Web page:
According to Early Years Learning Framework, learning through play is a practice that is beneficial to children, developing imagination and social skills while engaging with ‘people, objects and representations’. Similarly Jenny Kidd from the Cerebral Palsy Association states that children with disabilities gain much from play, interaction and specific equipment. A toy library allows the children and their carers to choose from a variety of resources to identify the toy that meets their needs.

This is a wonderful service in a region where there is great need to support the community who has suffered due to extreme weather and the subsequent loss of quality of life through unemployment, disengagement and financial stress.

Congratulations to Fraser Coast Libraries and Maryborough Toy and Special Needs Library on their continued support and commitment.


Author: Helen Treherne

I love learning about data, libraries, information organisation and new technologies. I also love to chill with my three kids, my partner and my dog - walking, talking, eating good food and listening to live music - especially anywhere close to the beach.

7 thoughts on “Maryborough Toy and Special Needs Library”

  1. We loved the local toy library when my kids were little. Where we lived there were two – one government run for families with disabilities and disadvantaged, and one community run by a group of Mums. It was a great service – my children always loved having something new to play with and it was also a great way to try out things before spending money buying them. I used to volunteer there too and it was lots of fun – even counting all those bits!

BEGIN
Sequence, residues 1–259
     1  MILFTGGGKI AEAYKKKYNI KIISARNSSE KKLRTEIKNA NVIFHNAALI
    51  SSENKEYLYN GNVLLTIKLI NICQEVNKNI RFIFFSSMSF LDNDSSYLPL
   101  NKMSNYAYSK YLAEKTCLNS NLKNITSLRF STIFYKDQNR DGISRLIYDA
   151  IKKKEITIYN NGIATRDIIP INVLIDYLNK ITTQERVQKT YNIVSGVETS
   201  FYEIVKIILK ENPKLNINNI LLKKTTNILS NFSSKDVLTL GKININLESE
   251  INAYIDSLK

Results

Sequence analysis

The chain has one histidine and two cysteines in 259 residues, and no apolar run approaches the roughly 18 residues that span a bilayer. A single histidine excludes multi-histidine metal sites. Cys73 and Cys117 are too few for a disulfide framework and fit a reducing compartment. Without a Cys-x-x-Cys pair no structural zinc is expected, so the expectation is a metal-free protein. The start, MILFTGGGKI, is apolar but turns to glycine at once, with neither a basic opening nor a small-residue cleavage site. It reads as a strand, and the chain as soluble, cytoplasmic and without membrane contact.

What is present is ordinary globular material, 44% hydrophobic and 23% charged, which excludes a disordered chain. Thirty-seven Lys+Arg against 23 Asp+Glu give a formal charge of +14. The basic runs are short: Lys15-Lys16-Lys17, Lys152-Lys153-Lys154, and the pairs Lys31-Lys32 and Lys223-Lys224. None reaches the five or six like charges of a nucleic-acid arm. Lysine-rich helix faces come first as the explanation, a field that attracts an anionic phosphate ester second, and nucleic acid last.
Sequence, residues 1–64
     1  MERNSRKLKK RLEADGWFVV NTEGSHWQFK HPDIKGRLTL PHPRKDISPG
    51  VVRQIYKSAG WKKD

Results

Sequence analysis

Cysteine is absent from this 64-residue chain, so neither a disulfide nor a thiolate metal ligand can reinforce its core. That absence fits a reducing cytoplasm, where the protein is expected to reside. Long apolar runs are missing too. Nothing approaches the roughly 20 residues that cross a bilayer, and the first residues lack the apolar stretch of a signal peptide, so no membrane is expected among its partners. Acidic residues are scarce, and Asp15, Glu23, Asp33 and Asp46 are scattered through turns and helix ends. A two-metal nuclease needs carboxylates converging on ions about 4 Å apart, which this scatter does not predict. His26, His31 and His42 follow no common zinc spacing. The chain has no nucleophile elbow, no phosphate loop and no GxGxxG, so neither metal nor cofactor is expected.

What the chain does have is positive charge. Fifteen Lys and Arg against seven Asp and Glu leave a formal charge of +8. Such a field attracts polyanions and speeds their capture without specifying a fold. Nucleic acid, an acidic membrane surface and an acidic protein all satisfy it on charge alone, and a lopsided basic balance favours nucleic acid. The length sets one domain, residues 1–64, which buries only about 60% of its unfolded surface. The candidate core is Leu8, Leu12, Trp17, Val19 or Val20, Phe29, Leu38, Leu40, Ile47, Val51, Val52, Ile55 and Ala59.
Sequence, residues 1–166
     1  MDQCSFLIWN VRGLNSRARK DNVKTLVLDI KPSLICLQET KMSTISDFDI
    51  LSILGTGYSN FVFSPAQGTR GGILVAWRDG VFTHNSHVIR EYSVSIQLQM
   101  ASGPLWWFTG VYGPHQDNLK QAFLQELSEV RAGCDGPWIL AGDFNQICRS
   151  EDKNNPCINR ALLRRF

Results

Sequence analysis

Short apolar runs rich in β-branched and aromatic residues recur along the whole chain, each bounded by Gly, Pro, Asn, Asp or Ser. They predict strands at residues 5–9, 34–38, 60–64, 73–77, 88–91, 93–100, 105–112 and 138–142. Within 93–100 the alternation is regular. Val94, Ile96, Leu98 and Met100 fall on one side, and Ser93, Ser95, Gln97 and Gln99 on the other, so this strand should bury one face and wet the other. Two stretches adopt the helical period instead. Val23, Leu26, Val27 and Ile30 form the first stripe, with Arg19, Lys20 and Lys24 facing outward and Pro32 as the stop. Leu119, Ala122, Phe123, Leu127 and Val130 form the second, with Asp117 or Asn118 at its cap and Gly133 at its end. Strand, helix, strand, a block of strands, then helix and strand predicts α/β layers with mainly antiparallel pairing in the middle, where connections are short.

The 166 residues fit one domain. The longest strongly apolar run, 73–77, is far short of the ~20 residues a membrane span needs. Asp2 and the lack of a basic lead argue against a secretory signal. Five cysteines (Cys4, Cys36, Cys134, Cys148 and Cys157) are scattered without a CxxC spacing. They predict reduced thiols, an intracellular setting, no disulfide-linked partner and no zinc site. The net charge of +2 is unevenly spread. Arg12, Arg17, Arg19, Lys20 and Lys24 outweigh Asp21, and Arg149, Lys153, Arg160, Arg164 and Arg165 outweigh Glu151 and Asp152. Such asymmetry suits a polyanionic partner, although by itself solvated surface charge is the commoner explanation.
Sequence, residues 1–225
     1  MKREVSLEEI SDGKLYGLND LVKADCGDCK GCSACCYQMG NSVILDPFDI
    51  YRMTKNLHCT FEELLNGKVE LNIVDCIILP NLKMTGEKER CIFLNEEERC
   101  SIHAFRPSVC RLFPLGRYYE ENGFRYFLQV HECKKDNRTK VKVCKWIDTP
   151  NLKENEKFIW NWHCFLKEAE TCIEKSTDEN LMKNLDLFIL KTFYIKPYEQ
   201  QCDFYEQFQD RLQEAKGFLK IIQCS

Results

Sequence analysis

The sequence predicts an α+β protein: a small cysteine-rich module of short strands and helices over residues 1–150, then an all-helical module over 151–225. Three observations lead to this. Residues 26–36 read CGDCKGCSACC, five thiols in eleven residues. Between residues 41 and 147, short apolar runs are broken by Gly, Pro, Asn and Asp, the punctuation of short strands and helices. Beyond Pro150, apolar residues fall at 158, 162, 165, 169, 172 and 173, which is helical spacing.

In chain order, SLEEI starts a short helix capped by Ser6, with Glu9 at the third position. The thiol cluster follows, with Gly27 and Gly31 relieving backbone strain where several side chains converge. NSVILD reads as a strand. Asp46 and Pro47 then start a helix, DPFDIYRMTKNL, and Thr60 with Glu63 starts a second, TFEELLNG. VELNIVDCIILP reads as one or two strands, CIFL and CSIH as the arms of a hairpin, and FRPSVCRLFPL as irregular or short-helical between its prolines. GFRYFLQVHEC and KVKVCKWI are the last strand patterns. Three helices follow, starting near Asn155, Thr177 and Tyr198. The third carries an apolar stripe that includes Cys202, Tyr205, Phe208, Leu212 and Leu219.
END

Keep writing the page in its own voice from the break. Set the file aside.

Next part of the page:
1. Hi Sharee
      Yes, sometimes the really new and shiny things are to so interesting after the initial WOW factor has faded. It’s a great way to explore different ways of learning while kids also build a few social skills along the way. And I agree, counting all those bits is a bit tedious, but great when you get a perfect score.

  2. Hi Helen
    This sounds absolutely fantastic and very professional. What a boon for families in Maryborough. I was involved with a Toy Library many years ago in Kalgoorlie and they are wonderful resources. I am impressed with the liaison with health professionals and the catalogue process and of course the evacuation procedures. Anitra

    1. Hi Anitra
      Thank you for your comment – it is an amazing service for the community. The tenacity of the current librarian is inspiring, considering the two flood incidents and that with a major structural change in the regional council (amalgamation of Maryborough and Hervey Bay Councils) that the service continues to improve. Kerry’s continuing applications for funding from the three levels of government has contributed immensely to this.

  3. What a fantastic local service 🙂 I am so glad to hear there are places that exist to help groups often marginalized in society. I can’t help but be inspired (and daunted) by how you describe the local librarian and her level of understanding of the users and their needs; being able to match a resource for each user and a user for each resource – as someone brand new going in, I would feel completely inept I think.

  4. Hi Helen,

    What a fabulous service for the community. Since beginning my MIS and become more informed about what’s going on in community libraries, I am constantly amazed by the number of highly innovative and extremely valuable services are offered through libraries, that have such a positive impact on the residents in their community. How wonderful that you got the opportunity to be spend time in this library! Did you know that they advertised this library advertised this month for a Senior Toy Library assistant? ( Now, that would be a great experience!

    1. Hi Lisa – thanks for your comments – it was wonderful. I would love the position but cannot relocate to Maryborough at the moment. It’s a great service, a fulfilling position, and a chance to really make a difference in a community that has suffered for a very long time due to the floods in 2011 and 2013.